Common goldfish are a type of goldfish with no other modifications from their ancestors other than their color. Most varieties of fancy goldfish were derived from this simple breed. Common goldfish come in a variety of colors including red, orange/gold, white, black and yellow or ‘lemon’ goldfish.
The Common goldfish has become a popular pet around the world. They are hardier than fancier fish, able to live in a variety of conditions ranging from aquariums to outdoor ponds, and can withstand change in water temperature and quality better. They also breed easier and truer to form than other fish. If well cared for, Common goldfish can live up to 20 or more years in captivity.
Common goldfish are social animals, and like to live in groups. They enjoy interacting with others of the same species and the overall breed is friendly. With proper care they can become quite tame, eating from hands and swimming frantically towards the owner.
When one goldfish is unexpectedly placed in a tank with other goldfish, it might try to rub up against the others to familiarize itself with them or to communicate that it is not a threat. The most common positions are side to side with heads facing forward, side to side with heads facing opposite directions, and perpendicular, where one goldfish swims above another and settles down over it. The fish will generally school together for a while. After a while this behavior will cease, and the fish will swim separately again. Who gets the most food usually has to do with the size of the goldfish, but sometimes a smaller one will be the more aggressive member of the school. There may be some infighting and nibbling at one another right after introduction, but usually only moody goldfish will do this. Goldfish are very competitive regarding food and do not share amongst themselves.
Small goldfish are semi-afraid of human contact and will do anything to avoid it. However, sexually mature fish are more brave. Large goldfish may eat from their owner’s hands without any prior experience. They will also nibble at anything new in their surroundings, except larger fish and predators. This is their way of tasting. Your fingers may get nibbled at, but keep in mind that the goldfish cannot harm you. After a few weeks’ time, goldfish will begin to follow their owners around the room. If you use a floating food, they will swim toward the top of the tank every time you come near.
It is a common practice to keep common goldfish in a small bowl but this allows waste in the water to build-up to toxic levels and does not provide enough oxygen. They should be kept in an aquarium of at least 10 gallons with a good filter. Actual recommendations range from this up to 100 gallons, but it is possible to enjoy goldfish even in smaller tanks.
Goldfish are curious fish that will quickly become bored without items or other fish to interact with. If placed in an aquarium or other small container without gravel, goldfish will settle to the bottom and only move when fed or frightened by sudden jolts. However, if placed in a tank with sufficient gravel, aquarium accessories or plants (real or fake) they will make themselves at home. Adding a few companion fish will also help, but make sure each fish has plenty of personal space.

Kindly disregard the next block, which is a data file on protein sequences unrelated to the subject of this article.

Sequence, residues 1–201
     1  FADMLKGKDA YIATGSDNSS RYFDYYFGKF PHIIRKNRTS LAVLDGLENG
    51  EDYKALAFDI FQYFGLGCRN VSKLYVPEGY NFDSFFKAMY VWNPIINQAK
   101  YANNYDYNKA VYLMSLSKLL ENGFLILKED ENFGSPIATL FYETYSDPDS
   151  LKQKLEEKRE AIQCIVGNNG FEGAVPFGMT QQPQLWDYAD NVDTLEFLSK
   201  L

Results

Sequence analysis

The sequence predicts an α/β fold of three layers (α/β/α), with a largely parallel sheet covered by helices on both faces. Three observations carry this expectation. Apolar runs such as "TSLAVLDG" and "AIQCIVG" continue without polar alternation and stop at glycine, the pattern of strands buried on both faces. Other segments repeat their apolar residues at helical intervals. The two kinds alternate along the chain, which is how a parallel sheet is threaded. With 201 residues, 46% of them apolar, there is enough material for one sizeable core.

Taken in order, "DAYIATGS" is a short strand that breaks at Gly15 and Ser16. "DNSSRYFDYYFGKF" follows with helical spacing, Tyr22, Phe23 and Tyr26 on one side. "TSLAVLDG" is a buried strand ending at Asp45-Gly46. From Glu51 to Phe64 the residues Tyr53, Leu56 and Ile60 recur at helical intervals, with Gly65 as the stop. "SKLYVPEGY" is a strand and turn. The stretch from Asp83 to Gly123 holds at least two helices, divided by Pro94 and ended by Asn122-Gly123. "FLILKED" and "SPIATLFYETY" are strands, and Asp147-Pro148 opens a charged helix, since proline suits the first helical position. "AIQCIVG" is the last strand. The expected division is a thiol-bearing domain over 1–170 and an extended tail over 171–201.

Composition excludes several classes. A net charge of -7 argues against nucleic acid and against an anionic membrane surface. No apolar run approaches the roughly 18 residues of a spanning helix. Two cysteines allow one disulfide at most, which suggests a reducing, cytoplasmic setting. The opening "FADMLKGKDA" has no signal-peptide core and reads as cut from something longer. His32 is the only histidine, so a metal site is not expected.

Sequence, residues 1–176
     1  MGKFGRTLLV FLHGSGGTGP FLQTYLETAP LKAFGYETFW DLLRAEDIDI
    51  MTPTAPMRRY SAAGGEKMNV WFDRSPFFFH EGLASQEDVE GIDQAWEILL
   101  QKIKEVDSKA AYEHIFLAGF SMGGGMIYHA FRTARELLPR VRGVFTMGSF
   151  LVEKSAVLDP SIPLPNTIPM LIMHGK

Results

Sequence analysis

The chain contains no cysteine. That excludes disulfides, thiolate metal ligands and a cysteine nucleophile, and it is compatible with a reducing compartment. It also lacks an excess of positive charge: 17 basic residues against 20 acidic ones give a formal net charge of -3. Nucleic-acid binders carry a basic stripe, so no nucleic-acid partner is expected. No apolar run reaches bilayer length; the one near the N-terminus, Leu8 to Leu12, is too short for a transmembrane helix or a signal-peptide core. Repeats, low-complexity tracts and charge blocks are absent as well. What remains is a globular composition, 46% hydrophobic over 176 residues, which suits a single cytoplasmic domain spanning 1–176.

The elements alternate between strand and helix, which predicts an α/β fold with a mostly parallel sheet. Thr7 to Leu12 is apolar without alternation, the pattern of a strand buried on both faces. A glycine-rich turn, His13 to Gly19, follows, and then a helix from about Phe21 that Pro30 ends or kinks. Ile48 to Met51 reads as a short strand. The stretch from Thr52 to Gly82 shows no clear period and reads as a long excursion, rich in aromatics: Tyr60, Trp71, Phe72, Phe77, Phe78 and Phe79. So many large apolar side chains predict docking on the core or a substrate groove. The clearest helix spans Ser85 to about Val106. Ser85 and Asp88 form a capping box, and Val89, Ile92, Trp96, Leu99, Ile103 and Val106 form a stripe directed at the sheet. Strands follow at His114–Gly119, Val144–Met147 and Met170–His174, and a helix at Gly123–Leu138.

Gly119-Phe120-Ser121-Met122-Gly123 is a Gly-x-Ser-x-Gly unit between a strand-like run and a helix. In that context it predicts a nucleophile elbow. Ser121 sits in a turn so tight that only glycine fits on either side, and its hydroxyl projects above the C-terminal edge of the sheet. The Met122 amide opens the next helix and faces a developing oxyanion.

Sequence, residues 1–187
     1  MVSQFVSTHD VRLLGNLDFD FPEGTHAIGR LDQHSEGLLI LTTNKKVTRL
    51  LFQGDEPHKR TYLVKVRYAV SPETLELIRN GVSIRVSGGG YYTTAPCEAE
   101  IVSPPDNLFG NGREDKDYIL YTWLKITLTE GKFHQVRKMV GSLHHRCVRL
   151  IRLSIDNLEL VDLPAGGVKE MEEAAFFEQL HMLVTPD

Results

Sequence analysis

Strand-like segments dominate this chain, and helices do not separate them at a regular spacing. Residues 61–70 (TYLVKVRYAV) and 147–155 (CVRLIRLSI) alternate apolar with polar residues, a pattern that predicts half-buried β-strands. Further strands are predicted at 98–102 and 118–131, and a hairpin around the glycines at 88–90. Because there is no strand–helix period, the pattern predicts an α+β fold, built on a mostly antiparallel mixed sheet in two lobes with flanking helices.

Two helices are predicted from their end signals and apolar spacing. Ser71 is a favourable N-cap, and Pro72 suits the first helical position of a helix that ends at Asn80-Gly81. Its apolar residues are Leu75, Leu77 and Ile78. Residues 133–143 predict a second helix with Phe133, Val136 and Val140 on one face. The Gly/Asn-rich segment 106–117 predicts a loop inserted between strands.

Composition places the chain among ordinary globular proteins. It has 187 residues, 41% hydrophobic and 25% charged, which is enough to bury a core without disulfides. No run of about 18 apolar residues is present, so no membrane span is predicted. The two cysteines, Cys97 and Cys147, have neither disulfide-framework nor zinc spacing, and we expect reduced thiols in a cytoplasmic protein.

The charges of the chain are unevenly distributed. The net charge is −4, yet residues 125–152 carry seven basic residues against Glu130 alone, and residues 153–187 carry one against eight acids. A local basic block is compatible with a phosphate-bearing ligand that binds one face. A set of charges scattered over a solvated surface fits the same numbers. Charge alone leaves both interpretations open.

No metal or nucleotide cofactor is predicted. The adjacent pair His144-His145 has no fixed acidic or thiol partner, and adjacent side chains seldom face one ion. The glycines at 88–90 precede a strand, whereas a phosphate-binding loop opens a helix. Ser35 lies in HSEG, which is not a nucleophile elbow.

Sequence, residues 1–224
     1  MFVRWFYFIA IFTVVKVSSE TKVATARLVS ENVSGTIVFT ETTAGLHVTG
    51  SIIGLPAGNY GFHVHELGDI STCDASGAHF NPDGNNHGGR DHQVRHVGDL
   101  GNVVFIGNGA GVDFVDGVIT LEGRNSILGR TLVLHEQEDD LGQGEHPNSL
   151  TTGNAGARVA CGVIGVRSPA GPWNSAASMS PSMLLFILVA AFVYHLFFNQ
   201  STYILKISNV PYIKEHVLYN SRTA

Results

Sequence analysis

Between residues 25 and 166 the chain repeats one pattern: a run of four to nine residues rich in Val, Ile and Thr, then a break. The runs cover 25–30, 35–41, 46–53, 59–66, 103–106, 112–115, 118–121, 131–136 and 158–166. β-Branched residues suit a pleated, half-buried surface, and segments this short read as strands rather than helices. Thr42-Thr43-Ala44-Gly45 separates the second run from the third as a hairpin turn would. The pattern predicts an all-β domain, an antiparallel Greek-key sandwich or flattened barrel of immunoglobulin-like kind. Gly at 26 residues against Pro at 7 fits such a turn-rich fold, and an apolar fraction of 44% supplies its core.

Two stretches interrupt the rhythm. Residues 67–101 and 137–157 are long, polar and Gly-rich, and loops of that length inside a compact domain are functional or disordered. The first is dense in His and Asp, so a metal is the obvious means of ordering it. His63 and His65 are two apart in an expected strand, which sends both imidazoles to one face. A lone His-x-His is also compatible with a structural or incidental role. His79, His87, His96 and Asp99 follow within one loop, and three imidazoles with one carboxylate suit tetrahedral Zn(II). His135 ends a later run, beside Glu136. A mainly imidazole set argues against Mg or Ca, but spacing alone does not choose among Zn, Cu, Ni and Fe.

When adding goldfish to a new tank it is important to place no more than two at a time. This allows helpful bacteria (which turns ammonia to nitrite and finally to nitrate) to grow. If introduced in too great a number before these bacteria grow, the goldfish will die from breathing in too much of their own untreated excrement. Even after the development of the biological filter, it is necessary to change about 30% of the water at least four times a month (or as necessary to prevent a build-up of harmful nitrate). The addition of live aquatic plants may reduce the number of times per month you will have to perform water changes, but only if the plants are growing (they will uptake nitrate as a source of nitrogen).
Common goldfish can be kept in outdoor ponds throughout the year with similar care but they may become sluggish and stop feeding in the winter. This does not mean they are sick, but rather that their metabolism has slowed.
Breeding commons is fairly easy. In breeding condition the males will develop small white spots on his gill covers and the female will become plump. The male will chase the female until she releases her eggs, then the male will release sperm and they will become fertilized. The eggs will then stick to any available surface. It is then best to remove the eggs to a separate aquarium as the adults are likely to eat them. When the eggs hatch into fry they will need to be fed very small food such as hatched brine shrimp or a ready made fry food. As they grow bigger they can eat finely crumbled fish food.
Common goldfish are usually hardy but can contract diseases. These can be caused by unclean water, overfeeding and overcrowding. In small aquariums, illnesses in common goldfish can quickly become fatal, meaning prompt treatment is important. Several symptoms can indicate sick fish: cuts on any of the fins, a change in scale or eye color, excretions from the nostrils, scales falling off or the fish frequently making trips to the surface. Many treatments can be bought to treat specific diseases, but the best treatment is prevention.
Goldfish as Feeder Fish
Common goldfish are often used as live prey for predatory fishes such as Oscars or Piranhas. They are also fed to larger crayfish, turtles, and frogs. Sold at only about one inch long, they are easily eaten by other animals. Often selling cheap, about 30 US cents a piece, they are often bought by the dozen. However, some people find it cruel to feed live goldfish to predators and consider it pointless since most predators will also eat dead prey.